- I Am Very British: It may be difficult to find another British comedian who embodies all the stereotypical ideas about the Quintessential British Gentleman more than Cleese. Maybe Peter Sellers could, but he's more famous as a French detective.
- Meaningful Rename: His actual last name is "Cheese", but his father changed this to avoid other pupils laughing at him as he had experienced in his own youth. It didn't help anyway, because the others still laughed at him. Interestingly enough Cleese is very fond of his actual last name and has often referred to cheese in a lot of his comedy, including the "Cheese Shop" sketch.
- Only in It for the Money: Cleese has a reputation for being very intent on earning money. Eric Idle complained a lot about this, especially because Cleese only wanted to do the post-Python projects (like the movies) if they brought in a lot of cash. Many of the films and TV sitcom appearances Cleese has done in the later years of his life have been criticized as this too. Ironically, Idle himself has gone the same route the last twenty years.
He once told me, and he won't deny this, "I'll do anything for money." So I offered him a pound to shut up, and he took it.
- "Begone" Bribe: Eric Idle on John Cleese in "The Pythons Autobiography":
- Pop-Cultural Osmosis: In the USA he is best remembered for his roles in Monty Python, while in Europe probably more people recognize him as Basil Fawlty in Fawlty Towers.
- Precision F-Strike: Believes that profanity has its place, but it must be handled carefully or it loses its effect. He abhors works that use it simply for the sake of being vulgar.
- Sad Clown: Like most comedians, he suffered from depression with his failed marriages. He also got tired of the Monty Python format quickly and left after three seasons. His conversations with psychiatrist Robin Skynner led to the popular books Families and How To Survive Them and Life And How To Survive It.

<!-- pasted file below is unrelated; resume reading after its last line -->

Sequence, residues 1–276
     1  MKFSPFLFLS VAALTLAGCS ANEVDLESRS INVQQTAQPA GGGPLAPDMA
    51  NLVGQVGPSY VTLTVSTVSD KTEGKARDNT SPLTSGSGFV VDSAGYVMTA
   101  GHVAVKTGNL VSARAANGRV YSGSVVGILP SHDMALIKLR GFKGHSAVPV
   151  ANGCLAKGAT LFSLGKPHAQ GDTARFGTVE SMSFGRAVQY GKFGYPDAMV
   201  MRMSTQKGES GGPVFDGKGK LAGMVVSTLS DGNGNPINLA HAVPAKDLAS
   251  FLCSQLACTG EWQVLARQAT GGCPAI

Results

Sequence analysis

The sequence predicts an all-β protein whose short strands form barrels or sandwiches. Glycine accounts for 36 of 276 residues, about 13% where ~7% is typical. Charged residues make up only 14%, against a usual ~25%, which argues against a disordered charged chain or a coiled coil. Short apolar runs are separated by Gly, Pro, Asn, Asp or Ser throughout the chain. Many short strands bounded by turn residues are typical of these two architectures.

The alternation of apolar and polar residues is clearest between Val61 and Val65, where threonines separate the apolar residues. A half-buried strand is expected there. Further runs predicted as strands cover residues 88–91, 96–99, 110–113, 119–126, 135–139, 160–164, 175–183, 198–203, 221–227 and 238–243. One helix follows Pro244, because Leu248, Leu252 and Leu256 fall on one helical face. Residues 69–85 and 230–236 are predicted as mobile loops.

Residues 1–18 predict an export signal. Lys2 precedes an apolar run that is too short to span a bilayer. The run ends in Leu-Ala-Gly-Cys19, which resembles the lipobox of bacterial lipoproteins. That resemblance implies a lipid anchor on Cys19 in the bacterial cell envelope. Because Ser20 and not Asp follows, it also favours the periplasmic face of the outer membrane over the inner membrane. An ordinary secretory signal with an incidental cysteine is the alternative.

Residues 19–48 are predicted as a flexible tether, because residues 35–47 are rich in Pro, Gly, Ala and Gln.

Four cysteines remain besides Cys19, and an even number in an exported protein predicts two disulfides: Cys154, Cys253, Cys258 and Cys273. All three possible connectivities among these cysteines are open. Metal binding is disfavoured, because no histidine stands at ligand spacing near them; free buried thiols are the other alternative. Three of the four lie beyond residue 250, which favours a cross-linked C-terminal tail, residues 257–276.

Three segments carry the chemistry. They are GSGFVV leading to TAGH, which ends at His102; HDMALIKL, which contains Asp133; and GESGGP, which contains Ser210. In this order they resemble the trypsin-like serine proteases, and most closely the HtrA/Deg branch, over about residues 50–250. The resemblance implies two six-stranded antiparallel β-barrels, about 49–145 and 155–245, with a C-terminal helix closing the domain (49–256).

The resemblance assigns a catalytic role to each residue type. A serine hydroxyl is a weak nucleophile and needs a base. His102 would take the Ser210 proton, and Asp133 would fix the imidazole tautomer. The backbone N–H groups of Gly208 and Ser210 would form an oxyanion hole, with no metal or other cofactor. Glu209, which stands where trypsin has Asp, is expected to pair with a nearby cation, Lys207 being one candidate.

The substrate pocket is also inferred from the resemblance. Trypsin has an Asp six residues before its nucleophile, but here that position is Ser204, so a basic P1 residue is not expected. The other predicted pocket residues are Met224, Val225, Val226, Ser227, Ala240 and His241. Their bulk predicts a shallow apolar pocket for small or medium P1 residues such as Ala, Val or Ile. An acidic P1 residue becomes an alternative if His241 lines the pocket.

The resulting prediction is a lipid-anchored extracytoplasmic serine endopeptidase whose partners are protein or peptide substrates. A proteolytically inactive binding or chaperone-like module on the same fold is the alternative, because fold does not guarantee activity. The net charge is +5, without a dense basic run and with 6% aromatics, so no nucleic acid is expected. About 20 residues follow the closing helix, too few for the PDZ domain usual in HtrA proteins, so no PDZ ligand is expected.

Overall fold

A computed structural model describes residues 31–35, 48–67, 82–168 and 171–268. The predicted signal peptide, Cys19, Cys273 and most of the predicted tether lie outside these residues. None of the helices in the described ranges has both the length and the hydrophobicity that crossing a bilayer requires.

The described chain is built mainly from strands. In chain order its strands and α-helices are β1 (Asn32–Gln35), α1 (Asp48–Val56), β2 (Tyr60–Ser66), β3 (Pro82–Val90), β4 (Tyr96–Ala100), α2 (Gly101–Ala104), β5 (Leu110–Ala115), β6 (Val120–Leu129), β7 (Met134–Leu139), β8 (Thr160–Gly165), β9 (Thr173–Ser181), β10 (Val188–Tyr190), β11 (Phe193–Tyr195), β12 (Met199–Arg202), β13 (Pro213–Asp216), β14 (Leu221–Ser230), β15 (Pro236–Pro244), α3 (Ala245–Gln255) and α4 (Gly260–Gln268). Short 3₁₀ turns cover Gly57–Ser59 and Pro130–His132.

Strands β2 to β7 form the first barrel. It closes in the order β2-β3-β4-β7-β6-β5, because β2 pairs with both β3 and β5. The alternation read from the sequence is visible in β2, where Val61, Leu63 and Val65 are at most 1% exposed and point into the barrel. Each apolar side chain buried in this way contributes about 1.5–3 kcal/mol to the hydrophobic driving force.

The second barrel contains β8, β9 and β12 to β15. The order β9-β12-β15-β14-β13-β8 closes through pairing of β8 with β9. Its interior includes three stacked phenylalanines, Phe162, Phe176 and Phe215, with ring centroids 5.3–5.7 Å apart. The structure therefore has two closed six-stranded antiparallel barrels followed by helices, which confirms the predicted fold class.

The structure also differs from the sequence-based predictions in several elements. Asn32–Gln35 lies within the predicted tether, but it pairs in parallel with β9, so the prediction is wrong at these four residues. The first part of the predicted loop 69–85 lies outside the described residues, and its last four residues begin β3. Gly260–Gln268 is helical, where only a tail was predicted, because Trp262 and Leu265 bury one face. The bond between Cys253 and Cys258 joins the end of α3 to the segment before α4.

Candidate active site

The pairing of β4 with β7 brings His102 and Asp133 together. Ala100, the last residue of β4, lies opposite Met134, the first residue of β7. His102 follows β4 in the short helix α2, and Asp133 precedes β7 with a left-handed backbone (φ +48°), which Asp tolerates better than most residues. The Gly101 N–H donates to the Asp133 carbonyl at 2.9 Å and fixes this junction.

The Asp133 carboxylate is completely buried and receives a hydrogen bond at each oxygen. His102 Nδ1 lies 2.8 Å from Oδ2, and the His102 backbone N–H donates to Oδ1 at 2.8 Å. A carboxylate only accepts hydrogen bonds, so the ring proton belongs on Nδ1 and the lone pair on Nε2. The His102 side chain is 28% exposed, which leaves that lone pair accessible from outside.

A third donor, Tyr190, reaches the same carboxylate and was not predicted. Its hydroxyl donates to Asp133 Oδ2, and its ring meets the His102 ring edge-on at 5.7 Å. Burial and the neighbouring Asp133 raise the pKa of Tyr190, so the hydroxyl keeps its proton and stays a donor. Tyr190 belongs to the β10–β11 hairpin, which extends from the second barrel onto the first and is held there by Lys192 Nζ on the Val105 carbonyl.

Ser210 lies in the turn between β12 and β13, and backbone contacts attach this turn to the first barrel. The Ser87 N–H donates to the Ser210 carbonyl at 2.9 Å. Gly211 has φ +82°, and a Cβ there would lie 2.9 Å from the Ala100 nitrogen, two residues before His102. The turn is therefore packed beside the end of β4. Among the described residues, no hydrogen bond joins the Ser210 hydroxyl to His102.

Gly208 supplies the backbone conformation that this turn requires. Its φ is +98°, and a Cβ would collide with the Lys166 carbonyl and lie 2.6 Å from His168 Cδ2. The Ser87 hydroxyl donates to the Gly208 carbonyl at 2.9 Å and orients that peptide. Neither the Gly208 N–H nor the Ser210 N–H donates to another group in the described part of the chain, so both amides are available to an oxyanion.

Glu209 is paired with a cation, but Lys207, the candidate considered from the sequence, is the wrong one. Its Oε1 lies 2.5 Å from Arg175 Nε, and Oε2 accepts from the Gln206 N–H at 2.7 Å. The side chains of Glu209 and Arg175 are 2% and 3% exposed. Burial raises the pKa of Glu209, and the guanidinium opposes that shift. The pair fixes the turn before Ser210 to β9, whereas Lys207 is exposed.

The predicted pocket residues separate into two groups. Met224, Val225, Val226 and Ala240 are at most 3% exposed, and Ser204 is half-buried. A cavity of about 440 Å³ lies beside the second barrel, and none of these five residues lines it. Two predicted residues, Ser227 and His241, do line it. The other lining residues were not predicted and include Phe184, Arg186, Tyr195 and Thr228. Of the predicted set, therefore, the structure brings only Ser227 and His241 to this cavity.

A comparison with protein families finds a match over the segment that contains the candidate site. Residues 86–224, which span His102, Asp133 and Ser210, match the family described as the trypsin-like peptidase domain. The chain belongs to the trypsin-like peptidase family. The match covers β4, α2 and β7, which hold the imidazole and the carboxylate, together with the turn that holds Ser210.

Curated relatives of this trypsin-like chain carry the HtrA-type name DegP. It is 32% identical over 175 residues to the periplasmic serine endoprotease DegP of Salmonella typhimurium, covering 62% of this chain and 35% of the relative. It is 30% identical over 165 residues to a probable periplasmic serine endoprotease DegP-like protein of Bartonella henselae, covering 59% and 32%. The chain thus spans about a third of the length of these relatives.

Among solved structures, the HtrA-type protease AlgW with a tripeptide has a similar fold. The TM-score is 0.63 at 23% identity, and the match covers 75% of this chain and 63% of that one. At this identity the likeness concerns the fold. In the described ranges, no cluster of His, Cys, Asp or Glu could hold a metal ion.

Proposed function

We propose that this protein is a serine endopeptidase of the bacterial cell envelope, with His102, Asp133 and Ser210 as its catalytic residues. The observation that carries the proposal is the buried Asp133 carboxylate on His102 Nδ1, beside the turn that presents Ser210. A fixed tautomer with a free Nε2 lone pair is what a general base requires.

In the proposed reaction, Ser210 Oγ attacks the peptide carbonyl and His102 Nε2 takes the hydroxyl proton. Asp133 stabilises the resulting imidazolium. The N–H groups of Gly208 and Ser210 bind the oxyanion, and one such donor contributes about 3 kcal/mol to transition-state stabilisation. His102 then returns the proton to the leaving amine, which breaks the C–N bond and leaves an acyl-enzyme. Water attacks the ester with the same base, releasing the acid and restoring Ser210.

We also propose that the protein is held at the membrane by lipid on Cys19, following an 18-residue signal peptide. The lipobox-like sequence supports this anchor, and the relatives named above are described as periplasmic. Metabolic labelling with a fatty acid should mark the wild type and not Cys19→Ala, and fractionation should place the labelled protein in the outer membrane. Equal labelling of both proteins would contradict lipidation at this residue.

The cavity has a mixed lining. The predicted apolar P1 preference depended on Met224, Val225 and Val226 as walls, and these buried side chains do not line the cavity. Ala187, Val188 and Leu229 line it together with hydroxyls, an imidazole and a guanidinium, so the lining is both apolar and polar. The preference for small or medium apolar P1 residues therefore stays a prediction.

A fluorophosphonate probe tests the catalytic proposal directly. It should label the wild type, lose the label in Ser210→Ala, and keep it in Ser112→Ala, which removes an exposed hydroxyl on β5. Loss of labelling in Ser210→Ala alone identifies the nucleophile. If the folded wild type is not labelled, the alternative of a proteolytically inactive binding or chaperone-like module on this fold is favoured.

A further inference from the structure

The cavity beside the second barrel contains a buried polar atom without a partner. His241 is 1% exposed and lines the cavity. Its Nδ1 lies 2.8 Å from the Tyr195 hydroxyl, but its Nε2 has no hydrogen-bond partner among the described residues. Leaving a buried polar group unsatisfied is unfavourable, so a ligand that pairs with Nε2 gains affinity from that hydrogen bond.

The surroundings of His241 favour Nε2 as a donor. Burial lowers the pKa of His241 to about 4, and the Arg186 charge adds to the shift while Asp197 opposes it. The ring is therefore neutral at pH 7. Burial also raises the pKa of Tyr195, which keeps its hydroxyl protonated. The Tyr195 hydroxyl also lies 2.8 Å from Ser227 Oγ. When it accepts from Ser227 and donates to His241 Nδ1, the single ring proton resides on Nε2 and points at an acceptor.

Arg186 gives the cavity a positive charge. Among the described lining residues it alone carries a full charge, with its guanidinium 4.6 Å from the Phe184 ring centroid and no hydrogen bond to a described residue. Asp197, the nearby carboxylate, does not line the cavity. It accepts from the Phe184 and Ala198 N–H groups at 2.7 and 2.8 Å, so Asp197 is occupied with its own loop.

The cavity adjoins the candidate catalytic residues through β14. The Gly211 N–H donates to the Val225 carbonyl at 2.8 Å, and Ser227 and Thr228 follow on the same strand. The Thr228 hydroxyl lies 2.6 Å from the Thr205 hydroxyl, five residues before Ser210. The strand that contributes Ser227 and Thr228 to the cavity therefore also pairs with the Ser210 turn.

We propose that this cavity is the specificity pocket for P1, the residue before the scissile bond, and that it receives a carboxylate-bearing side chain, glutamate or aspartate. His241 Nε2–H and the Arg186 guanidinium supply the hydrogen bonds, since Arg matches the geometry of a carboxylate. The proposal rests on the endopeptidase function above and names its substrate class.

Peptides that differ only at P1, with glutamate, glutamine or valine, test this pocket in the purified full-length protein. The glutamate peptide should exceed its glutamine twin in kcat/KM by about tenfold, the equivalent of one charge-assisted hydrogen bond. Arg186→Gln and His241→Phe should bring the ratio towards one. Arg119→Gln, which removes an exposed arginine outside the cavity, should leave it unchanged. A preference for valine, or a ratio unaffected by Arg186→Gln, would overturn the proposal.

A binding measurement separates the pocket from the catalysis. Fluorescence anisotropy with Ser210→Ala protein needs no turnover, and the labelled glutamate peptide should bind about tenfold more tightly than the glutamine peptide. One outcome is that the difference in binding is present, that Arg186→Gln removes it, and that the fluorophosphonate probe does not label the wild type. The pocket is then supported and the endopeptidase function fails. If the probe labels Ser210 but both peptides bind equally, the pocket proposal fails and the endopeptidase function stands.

- Sesquipedalian Loquaciousness: In Monty Python's Flying Circus Cleese often portrays characters who use very out of the ordinary words in their every day speech."Frankly, I'm against people who give vent to their loquacity by extraneous bombastic circumlocution."
- Silly Walk: Not the Trope Namer, since other comedians before him have had silly walks, but he could be the Trope Codifier. A famous Monty Python sketch has him as the Minister of Silly Walks and he goosestepped another funny walk in the Fawlty Towers episode "The Germans". It's one of his trademarks, though he doesn't particularly like the fact that he is pigeonholed for "such a ordinary and simple joke."
- Stiff Upper Lip: Talks a lot between his teeth while remaining straight-faced.
- Type Casting: He's pretty much the same in every movie. He often says "Jolly good", "Right!", "Marvelous", and "[sucks wind between teeth]...Still!". Since A Fish Called Wanda, he is also often cast in films and TV series as somewhat of a Chick Magnet.
- Working with the Ex: In Fawlty Towers Cleese plays Basil, while his then wife Connie Booth plays Polly the maid. In the first series they were still together. In the second they were divorced. Still, they did get along fine, seeing that she also co-wrote the scripts.
- Write What You Know: He based Basil Fawlty on a very rude hotel manager called Donald Sinclair. The other Pythons left the hotel, but John chose to stay and study Donald's behavior.